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If approved, a law introduced in the state Legislature last week would ban food trucks from parking within 1,500 feet of schools between 6 a.m. and 6 p.m. The law is aimed at keeping food trucks from competing with school lunch programs.

A 2007 San Francisco regulation already prohibits trucks from parking near middle schools and high schools in the city, but the state law also includes elementary schools. Such a move would be devastating to the food truck scene, because it would make San Francisco off-limits during the day, said Supervisor Scott Wiener.

“We’re having a map drawn now,” Wiener told SF Weekly, “but it looks like [expanding the limit to] 1500-hundred feet from all schools would knock out the bulk of the city from having access to food trucks.”

Last month Wiener told Mission Loc@l that he was looking to amend a section of the San Francisco Planning Code that bans food trucks from parking within 1,500 feet of a school — the equivalent of three to four city blocks — while school is in session.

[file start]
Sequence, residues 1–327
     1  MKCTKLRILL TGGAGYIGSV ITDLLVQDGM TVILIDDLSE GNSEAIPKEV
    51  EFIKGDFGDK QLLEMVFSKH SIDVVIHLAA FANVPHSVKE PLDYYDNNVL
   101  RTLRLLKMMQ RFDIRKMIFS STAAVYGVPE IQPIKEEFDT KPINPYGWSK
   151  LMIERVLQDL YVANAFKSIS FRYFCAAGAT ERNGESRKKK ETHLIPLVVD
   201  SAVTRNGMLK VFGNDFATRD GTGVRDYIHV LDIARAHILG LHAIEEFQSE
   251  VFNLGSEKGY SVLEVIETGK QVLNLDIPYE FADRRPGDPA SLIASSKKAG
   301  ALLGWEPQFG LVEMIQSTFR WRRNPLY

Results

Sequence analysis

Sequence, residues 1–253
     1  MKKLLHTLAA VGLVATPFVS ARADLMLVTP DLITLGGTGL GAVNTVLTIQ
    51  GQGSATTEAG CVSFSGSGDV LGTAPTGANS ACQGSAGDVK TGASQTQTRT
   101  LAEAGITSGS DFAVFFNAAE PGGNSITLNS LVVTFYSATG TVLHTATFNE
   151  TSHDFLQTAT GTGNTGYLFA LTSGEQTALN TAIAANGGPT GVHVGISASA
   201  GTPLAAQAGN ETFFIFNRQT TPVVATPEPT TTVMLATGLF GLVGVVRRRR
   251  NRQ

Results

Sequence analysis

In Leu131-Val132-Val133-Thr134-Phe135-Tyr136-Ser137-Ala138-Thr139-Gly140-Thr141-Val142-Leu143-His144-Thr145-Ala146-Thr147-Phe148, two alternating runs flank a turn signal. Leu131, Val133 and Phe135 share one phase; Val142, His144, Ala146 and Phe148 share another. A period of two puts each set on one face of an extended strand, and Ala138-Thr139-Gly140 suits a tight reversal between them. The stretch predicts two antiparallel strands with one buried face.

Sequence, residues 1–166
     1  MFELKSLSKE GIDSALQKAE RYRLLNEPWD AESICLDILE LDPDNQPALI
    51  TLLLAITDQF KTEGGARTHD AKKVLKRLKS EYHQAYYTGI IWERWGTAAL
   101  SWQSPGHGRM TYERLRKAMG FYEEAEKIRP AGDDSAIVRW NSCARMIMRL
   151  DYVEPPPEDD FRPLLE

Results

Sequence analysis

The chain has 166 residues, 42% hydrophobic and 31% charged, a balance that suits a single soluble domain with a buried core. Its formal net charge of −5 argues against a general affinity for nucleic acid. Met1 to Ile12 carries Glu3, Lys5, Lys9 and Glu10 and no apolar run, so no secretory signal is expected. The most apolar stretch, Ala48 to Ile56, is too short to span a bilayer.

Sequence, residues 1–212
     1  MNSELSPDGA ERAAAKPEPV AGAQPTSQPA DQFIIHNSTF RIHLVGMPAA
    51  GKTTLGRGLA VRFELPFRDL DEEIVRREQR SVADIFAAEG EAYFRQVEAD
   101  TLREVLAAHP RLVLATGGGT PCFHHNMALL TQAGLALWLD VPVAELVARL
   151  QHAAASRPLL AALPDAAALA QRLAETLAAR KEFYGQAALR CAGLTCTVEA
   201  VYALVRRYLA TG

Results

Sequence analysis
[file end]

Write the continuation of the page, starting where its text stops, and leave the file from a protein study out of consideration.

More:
The city regulation doesn’t make sense because it assumes that all food trucks sell junk food, Wiener said. He is proposing to reduce the distance to 500 feet, or about one city block.

“In terms of wanting to have better food, wanting to have social equity, I think it went too far,” Wiener told Mission Loc@l. “Food trucks have come a long way. To assume that all food trucks are junk food is inaccurate.”

Opponents of the regulations say that the law puts much of the Mission District off-limits.

“The way the law is constructed, there is an emphasis on applying to downtown because there is so much territory that is closed,” Wiener said.

Read more at SF Weekly.

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Rigoberto Hernandez

Rigoberto Hernandez is a journalism student at San Francisco State University. He has interned at The Oregonian and The Orange County Register, but prefers to report on the Mission District. In his spare time he can be found riding his bike around the city, going to Giants games and admiring the Stable building.

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